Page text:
If you see someone talking to a lamppost, they're not crazy, just from the future
By Russell Davies, campaignlive.co.uk, Thursday, 31 January 2013 08:00AM
Warning! I'm going to bang on about the Internet of Things again. I'm sorry, but there it is. I'll tell you why at the end. But, for now, I want you to say Hello and Goodnight to a lamppost and a lamp.
The Good Night Lamp is a project live on Kickstarter right now. It’s a "family of connected lamps that lets you communicate the act of coming back home to your loved ones, remotely". You buy a set of lamps, they’re shaped like the iconic houses your kids would draw and there’s a big one and a set of smaller ones. And when you switch the big one on, or off, the small ones go on and off too – wherever they are in the world. So you can give them to a loved one going off on their travels or living on the other side of the planet and they’ll get a sense of ambient connection to the rhythm of your life. Quiet, simple, easy. It is clever networked technology, but it feels gentle and domestic. Google it – there’s a splendid video that will give you the idea.
There’s a long tradition of ‘bringing the product to life’ in advertising; now it’s starting to happen in the world
Hello Lamp Post is a "playable city" project that’s going to be happening in Bristol in the summer. It’s going to exploit the fact that every lamppost, bollard, bench and storm drain in Bristol has a unique code on it and it’s going to make those objects "addressable" via social media. They’ll ask you questions via your phone, those questions will turn into conversations and those conversations will turn into a radio station you can listen to. It’s a fascinating alternative to the usual smart city rhetoric – rather than augmenting everything with displays and making everything report on its status, it gives the ubiquitous objects in the city little playful lives and identities of their own.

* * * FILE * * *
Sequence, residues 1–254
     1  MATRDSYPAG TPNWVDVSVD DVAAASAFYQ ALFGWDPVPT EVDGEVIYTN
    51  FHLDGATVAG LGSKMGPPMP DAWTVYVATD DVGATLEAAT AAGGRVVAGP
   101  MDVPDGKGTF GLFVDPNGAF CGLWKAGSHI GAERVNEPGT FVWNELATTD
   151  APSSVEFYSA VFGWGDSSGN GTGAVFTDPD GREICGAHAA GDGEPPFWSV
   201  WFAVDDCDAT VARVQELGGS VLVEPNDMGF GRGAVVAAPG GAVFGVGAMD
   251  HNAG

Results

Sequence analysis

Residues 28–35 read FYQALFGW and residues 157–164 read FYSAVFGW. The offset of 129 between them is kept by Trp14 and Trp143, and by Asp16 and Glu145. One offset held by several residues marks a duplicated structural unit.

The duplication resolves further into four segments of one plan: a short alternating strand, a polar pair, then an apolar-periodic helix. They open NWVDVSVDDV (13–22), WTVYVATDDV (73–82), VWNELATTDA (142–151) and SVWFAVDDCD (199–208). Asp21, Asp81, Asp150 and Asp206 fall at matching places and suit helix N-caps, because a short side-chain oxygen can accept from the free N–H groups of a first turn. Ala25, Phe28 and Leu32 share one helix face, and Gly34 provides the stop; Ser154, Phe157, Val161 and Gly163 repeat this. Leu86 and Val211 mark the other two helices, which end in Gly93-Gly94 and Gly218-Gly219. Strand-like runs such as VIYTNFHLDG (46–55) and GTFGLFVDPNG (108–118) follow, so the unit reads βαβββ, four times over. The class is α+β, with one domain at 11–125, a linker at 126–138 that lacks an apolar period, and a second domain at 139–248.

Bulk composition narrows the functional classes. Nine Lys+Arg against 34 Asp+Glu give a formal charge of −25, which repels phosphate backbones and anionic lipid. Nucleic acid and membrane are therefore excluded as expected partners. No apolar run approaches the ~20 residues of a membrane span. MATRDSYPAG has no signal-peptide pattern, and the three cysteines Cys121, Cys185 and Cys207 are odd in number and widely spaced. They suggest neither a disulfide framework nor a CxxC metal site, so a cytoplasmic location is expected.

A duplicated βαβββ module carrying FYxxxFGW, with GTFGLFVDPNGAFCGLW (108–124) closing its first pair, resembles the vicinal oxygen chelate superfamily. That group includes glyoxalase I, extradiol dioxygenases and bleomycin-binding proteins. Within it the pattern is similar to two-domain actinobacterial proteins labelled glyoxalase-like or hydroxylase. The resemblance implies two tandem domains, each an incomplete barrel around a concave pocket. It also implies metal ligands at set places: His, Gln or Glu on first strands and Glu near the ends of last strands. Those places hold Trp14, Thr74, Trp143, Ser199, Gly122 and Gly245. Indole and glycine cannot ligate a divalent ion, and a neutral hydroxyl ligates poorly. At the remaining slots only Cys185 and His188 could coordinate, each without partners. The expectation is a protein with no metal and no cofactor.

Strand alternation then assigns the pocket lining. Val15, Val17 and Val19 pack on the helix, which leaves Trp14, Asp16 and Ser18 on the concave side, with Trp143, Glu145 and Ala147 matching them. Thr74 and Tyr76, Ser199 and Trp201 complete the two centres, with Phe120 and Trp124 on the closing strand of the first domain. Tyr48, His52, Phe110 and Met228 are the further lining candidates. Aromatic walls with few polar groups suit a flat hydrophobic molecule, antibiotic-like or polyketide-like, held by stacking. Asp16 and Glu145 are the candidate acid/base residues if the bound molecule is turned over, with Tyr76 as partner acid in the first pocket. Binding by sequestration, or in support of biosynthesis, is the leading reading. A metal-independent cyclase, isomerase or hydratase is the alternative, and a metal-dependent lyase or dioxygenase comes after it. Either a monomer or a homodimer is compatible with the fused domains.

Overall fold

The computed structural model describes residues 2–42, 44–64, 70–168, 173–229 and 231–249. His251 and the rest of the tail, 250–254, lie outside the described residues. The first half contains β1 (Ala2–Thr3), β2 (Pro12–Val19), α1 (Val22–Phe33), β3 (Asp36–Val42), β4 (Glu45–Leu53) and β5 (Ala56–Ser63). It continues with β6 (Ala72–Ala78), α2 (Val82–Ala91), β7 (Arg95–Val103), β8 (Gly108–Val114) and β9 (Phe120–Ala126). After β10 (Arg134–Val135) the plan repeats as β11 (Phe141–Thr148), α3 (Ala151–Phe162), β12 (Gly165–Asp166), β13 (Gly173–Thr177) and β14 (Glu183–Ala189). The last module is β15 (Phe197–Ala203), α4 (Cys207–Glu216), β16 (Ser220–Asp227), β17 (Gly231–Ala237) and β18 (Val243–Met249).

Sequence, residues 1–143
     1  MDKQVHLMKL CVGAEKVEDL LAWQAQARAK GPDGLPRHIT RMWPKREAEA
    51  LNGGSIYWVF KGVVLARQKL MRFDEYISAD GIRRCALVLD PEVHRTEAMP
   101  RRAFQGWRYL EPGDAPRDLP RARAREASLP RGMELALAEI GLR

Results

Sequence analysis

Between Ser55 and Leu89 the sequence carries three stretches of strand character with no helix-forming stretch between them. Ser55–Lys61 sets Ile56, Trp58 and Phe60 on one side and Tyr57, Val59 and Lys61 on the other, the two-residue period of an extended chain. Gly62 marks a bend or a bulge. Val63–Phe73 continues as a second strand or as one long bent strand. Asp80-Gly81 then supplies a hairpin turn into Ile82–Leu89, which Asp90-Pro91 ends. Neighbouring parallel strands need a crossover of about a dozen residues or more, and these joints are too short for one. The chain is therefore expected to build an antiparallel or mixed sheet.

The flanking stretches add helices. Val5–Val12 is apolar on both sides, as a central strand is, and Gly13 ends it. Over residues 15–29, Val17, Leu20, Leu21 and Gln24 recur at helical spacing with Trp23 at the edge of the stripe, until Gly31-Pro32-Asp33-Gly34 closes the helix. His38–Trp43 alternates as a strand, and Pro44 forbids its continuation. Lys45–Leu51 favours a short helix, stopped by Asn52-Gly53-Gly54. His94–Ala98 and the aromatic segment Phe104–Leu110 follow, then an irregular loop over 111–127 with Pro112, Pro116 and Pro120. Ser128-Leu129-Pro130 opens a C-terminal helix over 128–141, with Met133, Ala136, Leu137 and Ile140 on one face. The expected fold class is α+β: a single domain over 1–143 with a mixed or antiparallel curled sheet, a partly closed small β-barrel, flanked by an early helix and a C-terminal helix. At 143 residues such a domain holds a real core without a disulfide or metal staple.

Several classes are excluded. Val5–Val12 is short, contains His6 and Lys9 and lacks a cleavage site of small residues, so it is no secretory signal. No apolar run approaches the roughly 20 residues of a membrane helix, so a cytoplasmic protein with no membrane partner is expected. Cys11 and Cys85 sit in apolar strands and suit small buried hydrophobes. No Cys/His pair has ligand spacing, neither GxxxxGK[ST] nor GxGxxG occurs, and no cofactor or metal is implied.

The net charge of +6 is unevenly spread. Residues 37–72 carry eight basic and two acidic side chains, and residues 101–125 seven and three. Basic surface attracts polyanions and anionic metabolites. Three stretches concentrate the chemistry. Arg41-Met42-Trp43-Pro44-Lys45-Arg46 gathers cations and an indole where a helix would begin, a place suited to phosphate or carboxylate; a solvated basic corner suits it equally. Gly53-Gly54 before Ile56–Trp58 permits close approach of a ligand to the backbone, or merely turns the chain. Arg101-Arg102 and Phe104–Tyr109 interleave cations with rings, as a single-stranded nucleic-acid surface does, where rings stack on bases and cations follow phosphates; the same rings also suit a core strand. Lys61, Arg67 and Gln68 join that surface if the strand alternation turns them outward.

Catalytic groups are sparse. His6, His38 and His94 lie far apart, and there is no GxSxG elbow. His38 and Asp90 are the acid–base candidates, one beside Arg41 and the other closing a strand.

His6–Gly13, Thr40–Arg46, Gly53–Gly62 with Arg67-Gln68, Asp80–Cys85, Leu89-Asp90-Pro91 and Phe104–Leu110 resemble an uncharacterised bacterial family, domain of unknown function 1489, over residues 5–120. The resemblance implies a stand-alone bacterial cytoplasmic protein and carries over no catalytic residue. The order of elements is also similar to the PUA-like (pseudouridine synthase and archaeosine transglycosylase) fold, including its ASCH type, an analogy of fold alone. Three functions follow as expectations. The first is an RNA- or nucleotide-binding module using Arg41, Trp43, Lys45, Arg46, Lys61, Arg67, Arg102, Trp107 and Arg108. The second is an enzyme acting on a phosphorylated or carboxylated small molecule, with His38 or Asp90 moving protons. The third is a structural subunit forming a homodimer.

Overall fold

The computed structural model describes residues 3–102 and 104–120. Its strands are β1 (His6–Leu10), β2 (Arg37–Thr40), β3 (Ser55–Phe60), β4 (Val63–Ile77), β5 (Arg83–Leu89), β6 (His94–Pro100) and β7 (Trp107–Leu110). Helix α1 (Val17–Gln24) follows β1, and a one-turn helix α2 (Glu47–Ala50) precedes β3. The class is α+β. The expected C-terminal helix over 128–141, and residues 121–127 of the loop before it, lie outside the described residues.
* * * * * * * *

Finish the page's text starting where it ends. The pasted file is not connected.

Why should you care? Because this is a great place for an advertising imagination to merge with product design. There’s a long and noble tradition of "bringing the product to life" in advertising; now it’s starting to happen in the world. Now, be careful – don’t go off half-cocked. This stuff isn’t easy yet and early adopters will make mistakes. But keep your eye on this area, do some experiments. It’s going to get interesting.
Russell Davies is a creative director at Government Digital Services
This article was first published on campaignlive.co.uk
- Mid Weight Planner - ATL Daniel Marks London £30-£50K + Excellent Benefits, Central London
- SEO ACCOUNT MANAGER Success Digital £165 per day, London
- Campaign Manager - Poppy Lottery The Royal British Legion £30,000 plus £4,452 London weighting, Based at our offices near London Bridge
- Corporate & Major Donor Fundraising Manager (Permanent) deadline for 14th March Mayor's Fund for London £45,000, London Bridge
- CRM & Digital Marketing Manager fishtank £25000 - £35000 per annum, Bristol
- Cobra introduces bra-making brewer 'The Boss'
- Majority of 15m Twitter users in the UK follow a newspaper
- OgilvyOne loses BA business
- Hooch appoints More and MJ Media for Keith Lemon campaign
- Iris and Cheil big winners at MAA Best Awards
- Campaign Viral Chart: Pepsi tops Coke with Jeff Gordon test drive